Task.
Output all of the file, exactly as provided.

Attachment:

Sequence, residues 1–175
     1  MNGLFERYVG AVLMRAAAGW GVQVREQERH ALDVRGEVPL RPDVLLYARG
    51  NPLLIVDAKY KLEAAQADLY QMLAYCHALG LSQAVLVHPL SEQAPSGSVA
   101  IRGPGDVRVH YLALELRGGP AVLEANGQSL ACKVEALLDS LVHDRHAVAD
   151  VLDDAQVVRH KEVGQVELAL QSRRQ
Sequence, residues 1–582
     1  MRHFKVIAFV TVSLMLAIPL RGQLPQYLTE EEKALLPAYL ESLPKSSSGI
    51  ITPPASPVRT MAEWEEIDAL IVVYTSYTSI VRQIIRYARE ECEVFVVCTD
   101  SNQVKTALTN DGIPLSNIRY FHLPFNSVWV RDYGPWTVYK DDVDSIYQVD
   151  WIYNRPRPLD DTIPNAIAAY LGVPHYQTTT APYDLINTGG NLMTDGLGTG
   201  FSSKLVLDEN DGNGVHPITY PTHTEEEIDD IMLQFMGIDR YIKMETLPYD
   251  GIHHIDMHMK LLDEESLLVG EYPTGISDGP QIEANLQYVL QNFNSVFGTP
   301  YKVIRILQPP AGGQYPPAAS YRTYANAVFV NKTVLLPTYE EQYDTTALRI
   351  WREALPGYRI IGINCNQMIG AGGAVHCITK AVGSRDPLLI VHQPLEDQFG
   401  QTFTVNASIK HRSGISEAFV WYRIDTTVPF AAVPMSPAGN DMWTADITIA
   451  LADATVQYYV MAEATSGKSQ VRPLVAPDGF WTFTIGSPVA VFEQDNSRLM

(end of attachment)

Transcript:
Sequence, residues 1–175
     1  MNGLFERYVG AVLMRAAAGW GVQVREQERH ALDVRGEVPL RPDVLLYARG
    51  NPLLIVDAKY KLEAAQADLY QMLAYCHALG LSQAVLVHPL SEQAPSGSVA
   101  IRGPGDVRVH YLALELRGGP AVLEANGQSL ACKVEALLDS LVHDRHAVAD
   151  VLDDAQVVRH KEVGQVELAL QSRRQ
Sequence, residues 1–582
     1  MRHFKVIAFV TVSLMLAIPL RGQLPQYLTE EEKALLPAYL ESLPKSSSGI
    51  ITPPASPVRT MAEWEEIDAL IVVYTSYTSI VRQIIRYARE ECEVFVVCTD
   101  SNQVKTALTN DGIPLSNIRY FHLPFNSVWV RDYGPWTVYK DDVDSIYQVD
   151  WIYNRPRPLD DTIPNAIAAY LGVPHYQTTT APYDLINTGG NLMTDGLGTG
   201  FSSKLVLDEN DGNGVHPITY PTHTEEEIDD IMLQFMGIDR YIKMETLPYD
   251  GIHHIDMHMK LLDEESLLVG EYPTGISDGP QIEANLQYVL QNFNSVFGTP
   301  YKVIRILQPP AGGQYPPAAS YRTYANAVFV NKTVLLPTYE EQYDTTALRI
   351  WREALPGYRI IGINCNQMIG AGGAVHCITK AVGSRDPLLI VHQPLEDQFG
   401  QTFTVNASIK HRSGISEAFV WYRIDTTVPF AAVPMSPAGN DMWTADITIA
   451  LADATVQYYV MAEATSGKSQ VRPLVAPDGF WTFTIGSPVA VFEQDNSRLM